The IJERPH invites submissions to this Special Issue focused on research investigating the mental and physical health and social outcomes of human–animal interactions (including living with companion or assistance animals; AAT; AAA; AAE, and interactions with non-domestic animals/wildlife). Topics can include—but are not limited to—issues at the forefront of public health concern (e.g., social isolation and loneliness, mental health, addiction, obesity and heart health), with a particular (but not exclusive) interest on work considering the role of HAI in the context of the COVID-19 pandemic. Studies that include perspectives related to animal welfare and behaviour as part of their investigative remit are particularly welcome. Contributions may be quantitative, qualitative or opinion pieces.

Please visit IJERPH for further information and manuscript submission information. We very much look forward to receiving your submissions.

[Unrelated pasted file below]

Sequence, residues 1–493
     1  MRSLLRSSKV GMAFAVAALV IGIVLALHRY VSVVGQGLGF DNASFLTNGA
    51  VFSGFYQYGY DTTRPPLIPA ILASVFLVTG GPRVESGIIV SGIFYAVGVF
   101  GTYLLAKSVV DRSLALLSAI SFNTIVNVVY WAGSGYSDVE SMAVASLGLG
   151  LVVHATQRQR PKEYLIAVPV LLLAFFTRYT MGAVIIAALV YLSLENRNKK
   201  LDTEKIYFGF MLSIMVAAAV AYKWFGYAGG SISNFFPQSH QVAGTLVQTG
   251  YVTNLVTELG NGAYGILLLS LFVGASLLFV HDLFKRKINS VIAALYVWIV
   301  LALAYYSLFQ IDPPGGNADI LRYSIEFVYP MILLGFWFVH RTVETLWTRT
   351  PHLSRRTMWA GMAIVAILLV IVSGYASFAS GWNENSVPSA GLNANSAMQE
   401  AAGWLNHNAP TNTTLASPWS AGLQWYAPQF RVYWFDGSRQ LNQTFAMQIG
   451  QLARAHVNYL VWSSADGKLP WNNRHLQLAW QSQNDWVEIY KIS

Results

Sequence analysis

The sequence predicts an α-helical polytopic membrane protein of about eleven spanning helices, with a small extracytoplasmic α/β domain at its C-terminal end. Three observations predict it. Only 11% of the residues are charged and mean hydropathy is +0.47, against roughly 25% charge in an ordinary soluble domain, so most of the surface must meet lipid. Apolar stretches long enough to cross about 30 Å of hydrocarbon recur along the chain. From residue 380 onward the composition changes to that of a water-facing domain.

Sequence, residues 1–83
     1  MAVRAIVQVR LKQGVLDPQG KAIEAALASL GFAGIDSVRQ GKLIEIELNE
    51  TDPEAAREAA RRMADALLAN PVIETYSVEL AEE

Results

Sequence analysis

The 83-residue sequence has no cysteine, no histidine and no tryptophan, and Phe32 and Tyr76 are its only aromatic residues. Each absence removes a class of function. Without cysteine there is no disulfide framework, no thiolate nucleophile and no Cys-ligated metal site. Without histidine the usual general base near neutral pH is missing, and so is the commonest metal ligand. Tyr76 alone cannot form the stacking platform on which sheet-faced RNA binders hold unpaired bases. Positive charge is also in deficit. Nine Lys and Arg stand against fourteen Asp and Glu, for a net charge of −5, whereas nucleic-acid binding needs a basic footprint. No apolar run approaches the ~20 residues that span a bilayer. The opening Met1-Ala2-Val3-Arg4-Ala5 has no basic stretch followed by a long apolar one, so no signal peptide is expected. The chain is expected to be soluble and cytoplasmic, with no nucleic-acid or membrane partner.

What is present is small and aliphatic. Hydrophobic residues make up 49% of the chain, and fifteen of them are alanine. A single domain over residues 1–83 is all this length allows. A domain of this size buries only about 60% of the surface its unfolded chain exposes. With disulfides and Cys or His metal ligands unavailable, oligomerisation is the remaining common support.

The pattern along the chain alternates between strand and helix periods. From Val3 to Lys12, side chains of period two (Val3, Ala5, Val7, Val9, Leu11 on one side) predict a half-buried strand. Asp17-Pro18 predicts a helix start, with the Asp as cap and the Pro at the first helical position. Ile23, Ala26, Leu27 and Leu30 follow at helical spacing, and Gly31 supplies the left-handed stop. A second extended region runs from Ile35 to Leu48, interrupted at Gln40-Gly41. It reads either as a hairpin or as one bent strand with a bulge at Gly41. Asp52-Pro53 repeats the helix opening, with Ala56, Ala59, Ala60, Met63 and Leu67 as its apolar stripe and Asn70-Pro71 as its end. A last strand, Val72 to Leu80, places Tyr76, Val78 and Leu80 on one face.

Dr. Elena Ratschen
Dr. Emily Shoesmith
Prof. Dr. Daniel Mills

Guest Editors

Animal-assisted interventions

Woman with dog

We explore the potential benefits of using animal-assisted and robotic animal assisted interventions to support treatment and care in clinical populations across the lifespan.  For more information visit the project webpage

Engagement with wildlife

Wildlife on a lake

Our current research explores the potential importance of HAIs that involve non-companion animals, for example farm animals or wildlife, for human health and wellbeing. This constitutes an area of emerging research in this field. For more information visit the project webpage

Relationships with companion animals

Girl with cat

Our research focuses on the impact of animal ownership on physical and mental health, and the underlying mechanisms that may lead to these outcomes. We have also explored the welfare and behaviour of companion animals during the pandemic context. For more information visit the project webpage

Cross-cutting themes

Abstract network

We are also interested in the development of standardised measures for HAI outcomes, methods, and instrument development, cost-effectiveness, and cultural adaptation. For more information visit the project webpage